Learning Assemble, Step 11 - More Navigation


Back to navigation. In earlier posts in this series, we've looked at some page navigation and blog list navigation issues. Both of which centered around the challenge of selecting a subset of pages, and getting them formatted in the right sort order. I found several ugly ways of approaching these problems, but not a single, elegant way.

I was further challenged trying to answer this Stack Overflow question about how to make a list of the 5 most recent blog posts through a combination of selecting tagged pages, sorting by posted date, and then taking the top 5 most recent pages. I would have this problem in my sample blog, except that my sample blog only has three posts. Current, I use the following markup to show blog posts in sorted order by most recently posted date, with no limit:

{{#each navTags}}
    {{#is navTag "blog"}}
        {{#withSort pages "data.posted" dir="desc"}}
                <h2><a href="/{{relativeLink}}">{{data.title}}</a></h2>
                <p>By {{data.author}} on {{formatDate data.posted "%F"}}</p>
                <p><a href="/{{relativeLink}}">more...</a></p>

This snippet illustrates two of the three obviously documented techniques related to this problem:

  • Using the #each helper to iterate through a collection, with a nested #is to limit the result to one particular tag value.
  • #withSort helper to sort the tagged pages.
  • #withFirst helper to limit the tagged pages to the first 5 (not shown above).

However, #withSort and #withFirstare mutually exclusive, since they both directly iterate the pages collection. There is a solution to this problem though:

  • Select pages from a collection using #each and #is to limit the pages to one tag value.
  • Sort the pages within the collection by defining the sortBy attribute of the collection in the Gruntfile (new for me).
  • Limit the number of pages in the result using #withFirst.

I'll update my own blog post listing to use this technique.

Collection Definition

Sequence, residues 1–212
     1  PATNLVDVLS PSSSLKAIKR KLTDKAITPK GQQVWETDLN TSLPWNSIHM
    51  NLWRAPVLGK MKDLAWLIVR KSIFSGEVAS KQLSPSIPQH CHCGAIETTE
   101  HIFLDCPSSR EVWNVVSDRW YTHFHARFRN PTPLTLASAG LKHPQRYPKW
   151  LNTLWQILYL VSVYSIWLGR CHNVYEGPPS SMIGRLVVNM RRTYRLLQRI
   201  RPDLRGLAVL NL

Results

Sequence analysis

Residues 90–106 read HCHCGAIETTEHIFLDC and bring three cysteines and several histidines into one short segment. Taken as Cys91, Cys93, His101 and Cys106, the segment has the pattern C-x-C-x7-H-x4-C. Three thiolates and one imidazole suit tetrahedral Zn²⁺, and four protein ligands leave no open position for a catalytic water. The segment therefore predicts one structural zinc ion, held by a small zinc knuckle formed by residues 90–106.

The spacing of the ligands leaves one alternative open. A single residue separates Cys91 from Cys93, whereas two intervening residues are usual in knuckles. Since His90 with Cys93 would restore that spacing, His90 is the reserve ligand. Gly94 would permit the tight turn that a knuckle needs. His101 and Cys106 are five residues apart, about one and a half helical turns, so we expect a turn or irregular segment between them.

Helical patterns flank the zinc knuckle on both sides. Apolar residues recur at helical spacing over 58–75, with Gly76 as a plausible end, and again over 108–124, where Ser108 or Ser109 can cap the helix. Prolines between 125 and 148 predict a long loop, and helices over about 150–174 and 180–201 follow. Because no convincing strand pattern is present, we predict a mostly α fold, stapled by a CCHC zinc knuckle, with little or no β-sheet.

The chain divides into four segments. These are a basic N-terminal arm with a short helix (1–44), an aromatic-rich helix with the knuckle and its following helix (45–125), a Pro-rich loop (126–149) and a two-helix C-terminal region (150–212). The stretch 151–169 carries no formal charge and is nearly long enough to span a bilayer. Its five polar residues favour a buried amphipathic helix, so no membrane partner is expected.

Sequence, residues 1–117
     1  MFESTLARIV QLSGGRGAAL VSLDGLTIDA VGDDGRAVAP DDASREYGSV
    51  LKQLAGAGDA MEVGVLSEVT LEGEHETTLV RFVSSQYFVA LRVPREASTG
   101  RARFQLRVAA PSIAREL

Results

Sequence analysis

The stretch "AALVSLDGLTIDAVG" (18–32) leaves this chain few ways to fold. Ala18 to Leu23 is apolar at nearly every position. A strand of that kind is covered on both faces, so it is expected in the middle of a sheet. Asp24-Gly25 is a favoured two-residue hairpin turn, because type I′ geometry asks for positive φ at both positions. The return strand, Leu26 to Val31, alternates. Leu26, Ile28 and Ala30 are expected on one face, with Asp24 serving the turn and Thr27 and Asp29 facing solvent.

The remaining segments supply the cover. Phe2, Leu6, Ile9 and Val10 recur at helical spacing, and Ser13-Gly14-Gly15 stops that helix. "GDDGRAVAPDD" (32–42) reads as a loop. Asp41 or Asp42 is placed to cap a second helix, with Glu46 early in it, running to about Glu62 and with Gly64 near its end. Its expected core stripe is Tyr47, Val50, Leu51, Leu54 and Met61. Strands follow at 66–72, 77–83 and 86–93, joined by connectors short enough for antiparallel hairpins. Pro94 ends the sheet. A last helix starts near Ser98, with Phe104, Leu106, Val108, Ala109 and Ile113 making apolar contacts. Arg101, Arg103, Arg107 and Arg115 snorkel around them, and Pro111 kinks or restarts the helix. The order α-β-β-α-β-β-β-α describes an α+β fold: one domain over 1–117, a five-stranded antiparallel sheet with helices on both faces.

I had earlier used a generic navTags collection for various navigation purposes, but now we'll need a special one for the blog posts alone. This time, we'll define sorting as part of the collection:

        assemble: {
            hello: {
                options: {
                    data: 'source/data/*.{json,yml}',
                    layoutdir: 'source/templates/layouts',
                    layout: 'default.hbs',
                    partials: 'source/templates/partials/**/*.hbs',
                    collections: [
                        { name: 'navTags', inflection: 'navTag' },
                        { name: 'posts', inflection: 'post', sortby: 'posted', sortorder: 'desc' }
                    helpers: ['source/helpers/**/*.js'],
                    plugins: ['assemble-middleware-sitemap'],
                    sitemap: {
                        homepage: "http://awesome-site.bogus",
                        relativedest: true,
                        exclude: ['diagnostics'],
                        changefreq: 'monthly'

Blog Pages

Our blog pages now need to be updated to use our new posts collection rather than the old navTags. This doesn't look like a big change:

title: Hello, Blog!
layout: blog-layout.hbs
 - all
posted: 2014-10-01
author: James
summary: |
 This is the summary of our first
 blog post. It will cover:
  * Stuff
  * More Stuff
  * Even More Stuff
This is the lowly body of our first blog post.

For the purpose of the blog list, we don't care what the actual posts values are ("all" on line 5 above), only that the page is included in the posts collection. These values should probably match topics or tags in the blog, but we do not need to use it for any other purpose than listing posts.

Blog List Markup

Our blog list page, blog.hbs needs to be updated to stop using the old navTags and start using the new posts collection. This is not a big change, we still iterate a collection and select a single collection value, but now we're going to use the #withFirst helper instead of #withSort, since sorting is now provided by the collection itself.

    {{#each posts}}
        {{#is post "all"}}
            {{#withFirst pages 5}}
                    <h2><a href="/{{relativeLink}}">{{data.title}}</a></h2>
                    <p>By {{data.author}} on {{formatDate data.posted "%F"}}</p>
                    <p><a href="/{{relativeLink}}">more...</a></p>

I also created a set of 5 older posts, all equally unimaginative, to give me some test data to verify that I am sorting and limiting the blog posts properly.

Lessons Learned on Page Collections

This seems pretty simple in hindsight, but I find that I get confused about page collections. I imagine them to be a list of user-facing attributes like "tags" or "categories". I think I mentally blocked myself from creating a completely new collection for posts because I felt like I should reuse the same navTags I started using earlier. But collections are never visible to users unless I make them visible, and all of the collections I have used are for internal use only. Collections are a cheap and easy convenience to the developer, so feel free to create them for each and every purpose.

For the code, please see the learning-assemble repository on GitHub. The branch step11-more-navigation contains the completed code from this post.

Next: Learning Assemble, Step 12 - Navigation Helper